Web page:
Friday, December 5, 2008

AbitibiBowater says no way for Nuway

AbitibiBowater is finally giving up on a nine-year effort to turn base stock from newsprint machines into lightweight coated paper.

The company announced yesterday the closure of its Covington, TN converting facility, where it has the capacity to make 70,000 tons per year of lightweight coated paper using base paper from other mills. As a result, the company will no longer try to make LWC lighter than 36#.

The failed venture goes back to the Nuway technology Bowater purchased in 1999 with hopes of getting into the LWC business. It has what is probably the country’s most efficient coated-groundwood machine in Catawba, SC, but the Southern pulp used there is not suited to ultralight grades.

Bowater’s idea was to make base paper from a newsprint machine in Thunder Bay, Ontario (where it had considered putting in a full coating operation) then ship it to coating facilities near major U.S. printing plants, where it could be converted to coated groundwood on an almost just-in-time basis.

The product got a black eye in the business when Bowater rushed it to market, only to learn that it did not run well on heatset web offset presses. Holes that were acceptable for newsprint on coldest presses turned out to be too large and numerous for coated paper on heatset presses. When printers realized Bowater was using them to beta-test an unproven technology, they discouraged or banned their customers from buying the paper.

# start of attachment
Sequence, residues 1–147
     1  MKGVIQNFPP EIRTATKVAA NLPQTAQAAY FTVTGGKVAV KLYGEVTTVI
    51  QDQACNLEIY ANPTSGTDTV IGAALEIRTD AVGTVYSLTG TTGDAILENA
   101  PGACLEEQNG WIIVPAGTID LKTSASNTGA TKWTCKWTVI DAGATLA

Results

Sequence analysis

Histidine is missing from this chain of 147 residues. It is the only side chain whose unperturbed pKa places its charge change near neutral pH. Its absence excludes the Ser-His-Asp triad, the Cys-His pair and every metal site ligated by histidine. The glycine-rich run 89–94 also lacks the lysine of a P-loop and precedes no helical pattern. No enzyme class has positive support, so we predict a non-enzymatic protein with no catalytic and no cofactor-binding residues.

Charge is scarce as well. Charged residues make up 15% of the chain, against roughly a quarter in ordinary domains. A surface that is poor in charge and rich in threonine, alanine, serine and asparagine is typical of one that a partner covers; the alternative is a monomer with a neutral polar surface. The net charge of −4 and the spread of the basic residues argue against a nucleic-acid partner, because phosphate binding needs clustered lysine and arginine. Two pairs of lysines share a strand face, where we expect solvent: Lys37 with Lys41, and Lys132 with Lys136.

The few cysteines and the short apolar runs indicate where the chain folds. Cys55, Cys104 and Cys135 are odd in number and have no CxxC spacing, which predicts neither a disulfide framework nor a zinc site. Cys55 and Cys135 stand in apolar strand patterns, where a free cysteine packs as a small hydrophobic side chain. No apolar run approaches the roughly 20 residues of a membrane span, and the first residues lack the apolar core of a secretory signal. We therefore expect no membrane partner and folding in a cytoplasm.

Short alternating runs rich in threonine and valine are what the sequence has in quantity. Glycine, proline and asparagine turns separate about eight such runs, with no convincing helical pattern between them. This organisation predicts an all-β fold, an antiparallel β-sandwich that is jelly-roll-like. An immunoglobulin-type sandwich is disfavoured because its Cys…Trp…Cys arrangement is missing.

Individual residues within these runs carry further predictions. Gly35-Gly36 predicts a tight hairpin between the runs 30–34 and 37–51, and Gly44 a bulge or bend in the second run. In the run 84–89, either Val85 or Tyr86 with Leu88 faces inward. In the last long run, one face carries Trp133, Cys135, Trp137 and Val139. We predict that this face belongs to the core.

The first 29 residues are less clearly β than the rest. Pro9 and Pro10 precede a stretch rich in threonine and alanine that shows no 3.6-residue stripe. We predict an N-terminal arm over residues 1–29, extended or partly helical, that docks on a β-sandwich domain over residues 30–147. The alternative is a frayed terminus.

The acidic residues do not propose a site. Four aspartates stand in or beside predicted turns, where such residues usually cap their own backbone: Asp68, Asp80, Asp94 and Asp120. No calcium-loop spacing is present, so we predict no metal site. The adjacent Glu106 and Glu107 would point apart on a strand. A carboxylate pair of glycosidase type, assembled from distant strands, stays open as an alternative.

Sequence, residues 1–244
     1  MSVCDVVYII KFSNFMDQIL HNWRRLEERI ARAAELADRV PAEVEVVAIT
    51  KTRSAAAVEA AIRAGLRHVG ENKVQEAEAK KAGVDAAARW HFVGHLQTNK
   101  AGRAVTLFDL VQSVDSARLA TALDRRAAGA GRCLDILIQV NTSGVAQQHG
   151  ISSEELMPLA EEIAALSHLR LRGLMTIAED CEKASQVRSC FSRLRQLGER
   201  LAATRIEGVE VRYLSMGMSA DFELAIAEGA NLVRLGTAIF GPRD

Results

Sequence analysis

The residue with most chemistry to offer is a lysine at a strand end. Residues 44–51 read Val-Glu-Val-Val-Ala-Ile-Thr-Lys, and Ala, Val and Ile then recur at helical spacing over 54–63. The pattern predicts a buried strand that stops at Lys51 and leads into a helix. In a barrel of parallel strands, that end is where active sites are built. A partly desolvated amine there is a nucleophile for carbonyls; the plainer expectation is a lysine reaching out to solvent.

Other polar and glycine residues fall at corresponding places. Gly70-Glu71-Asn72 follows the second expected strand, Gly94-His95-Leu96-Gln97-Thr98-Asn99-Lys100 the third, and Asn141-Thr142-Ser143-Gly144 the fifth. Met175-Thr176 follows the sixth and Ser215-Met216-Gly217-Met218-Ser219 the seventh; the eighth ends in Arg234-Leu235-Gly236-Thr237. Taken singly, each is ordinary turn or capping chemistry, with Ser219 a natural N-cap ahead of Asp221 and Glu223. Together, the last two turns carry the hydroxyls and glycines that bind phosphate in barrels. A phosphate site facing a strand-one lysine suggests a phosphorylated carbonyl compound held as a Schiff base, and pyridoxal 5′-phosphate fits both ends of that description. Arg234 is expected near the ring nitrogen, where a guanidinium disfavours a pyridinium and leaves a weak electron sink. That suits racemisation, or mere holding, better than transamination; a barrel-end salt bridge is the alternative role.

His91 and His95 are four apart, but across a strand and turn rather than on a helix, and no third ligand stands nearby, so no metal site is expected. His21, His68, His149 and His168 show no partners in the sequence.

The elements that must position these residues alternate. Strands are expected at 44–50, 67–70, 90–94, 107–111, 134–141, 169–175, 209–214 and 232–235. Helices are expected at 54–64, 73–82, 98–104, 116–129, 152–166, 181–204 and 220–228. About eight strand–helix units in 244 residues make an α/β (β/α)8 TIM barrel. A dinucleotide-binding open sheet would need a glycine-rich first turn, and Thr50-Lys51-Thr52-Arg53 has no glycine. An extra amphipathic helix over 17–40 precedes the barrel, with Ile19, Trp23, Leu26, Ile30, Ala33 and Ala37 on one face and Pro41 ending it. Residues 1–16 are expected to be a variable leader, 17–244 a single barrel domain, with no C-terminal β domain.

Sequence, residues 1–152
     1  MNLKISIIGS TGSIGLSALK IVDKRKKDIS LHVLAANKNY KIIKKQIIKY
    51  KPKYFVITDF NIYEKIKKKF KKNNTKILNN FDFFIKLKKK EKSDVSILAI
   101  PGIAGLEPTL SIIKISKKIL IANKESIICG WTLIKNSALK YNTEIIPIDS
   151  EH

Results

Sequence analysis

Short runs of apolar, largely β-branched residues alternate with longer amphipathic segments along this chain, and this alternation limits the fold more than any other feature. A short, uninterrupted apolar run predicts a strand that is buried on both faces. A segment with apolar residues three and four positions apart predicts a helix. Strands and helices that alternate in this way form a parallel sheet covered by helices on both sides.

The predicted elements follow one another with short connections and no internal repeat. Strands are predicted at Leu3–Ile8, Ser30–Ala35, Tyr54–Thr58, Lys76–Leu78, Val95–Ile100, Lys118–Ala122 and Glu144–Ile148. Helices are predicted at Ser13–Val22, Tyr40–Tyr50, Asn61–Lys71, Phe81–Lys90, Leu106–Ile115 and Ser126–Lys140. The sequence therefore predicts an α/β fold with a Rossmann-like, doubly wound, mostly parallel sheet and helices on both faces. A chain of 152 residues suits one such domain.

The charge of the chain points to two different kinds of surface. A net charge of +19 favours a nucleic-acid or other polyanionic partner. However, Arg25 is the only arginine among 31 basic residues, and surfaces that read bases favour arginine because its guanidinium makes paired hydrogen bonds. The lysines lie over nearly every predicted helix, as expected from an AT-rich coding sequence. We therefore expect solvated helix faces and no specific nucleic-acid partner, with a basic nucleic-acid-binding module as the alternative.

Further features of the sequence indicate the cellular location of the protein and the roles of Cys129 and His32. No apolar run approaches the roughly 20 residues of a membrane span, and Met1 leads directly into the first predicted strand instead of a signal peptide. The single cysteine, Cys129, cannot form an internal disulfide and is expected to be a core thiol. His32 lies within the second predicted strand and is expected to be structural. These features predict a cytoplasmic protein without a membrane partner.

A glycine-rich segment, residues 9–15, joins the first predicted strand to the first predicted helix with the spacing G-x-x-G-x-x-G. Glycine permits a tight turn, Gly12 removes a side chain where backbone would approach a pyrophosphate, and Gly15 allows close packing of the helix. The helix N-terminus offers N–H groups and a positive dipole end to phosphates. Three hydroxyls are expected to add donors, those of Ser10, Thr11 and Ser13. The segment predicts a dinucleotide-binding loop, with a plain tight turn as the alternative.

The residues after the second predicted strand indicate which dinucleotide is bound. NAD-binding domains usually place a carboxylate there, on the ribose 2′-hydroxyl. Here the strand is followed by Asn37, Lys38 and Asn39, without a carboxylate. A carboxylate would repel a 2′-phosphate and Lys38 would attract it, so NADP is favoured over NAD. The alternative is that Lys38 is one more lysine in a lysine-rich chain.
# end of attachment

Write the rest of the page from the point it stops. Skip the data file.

Bowater went back to the drawing board to fix the sheet and to develop various products with the Nuway technology. At various times, Bowater and the post-merger AbitibiBowater tried making discounted #5, regular #5, #5 with recycled content, and #4, under a variety of names including the ultra-sexy “AbiBow EcoGloss.”

With the Canadian currency having become so weak, it’s hard to see how Covington could compete with the low-cost Canadian machines at Kruger and Catalyst, which can coat and calender LWC in one pass. And the collapsing LWC market is hardly worth fighting over.

The Covington closure was part of a larger package of 1 million tons of annual capacity, mostly newsprint, that AbitibiBowater announced yesterday it is closing or idling. The stock market reacted negatively, with the stock closing at at 45 cents per share yesterday (low enough that the Quebecor money referenced in Monday’s post would have been enough to buy control of AbitibiBowater), then bouncing back to close at 48 cents today.

The closures and idlings are actually a sign of strength. With a current ratio (current assets to current liabilities) of only 1.07 at last report and big debt payments coming due in a few months, there was a danger that the company would have to keep all cash-positive newsprint machines running even if that caused prices to plummet. By idling so much newsprint capacity yesterday, North America’s dominant newsprint maker demonstrated that it still has the financial strength (or lenders’ patience) to exercise market discipline.

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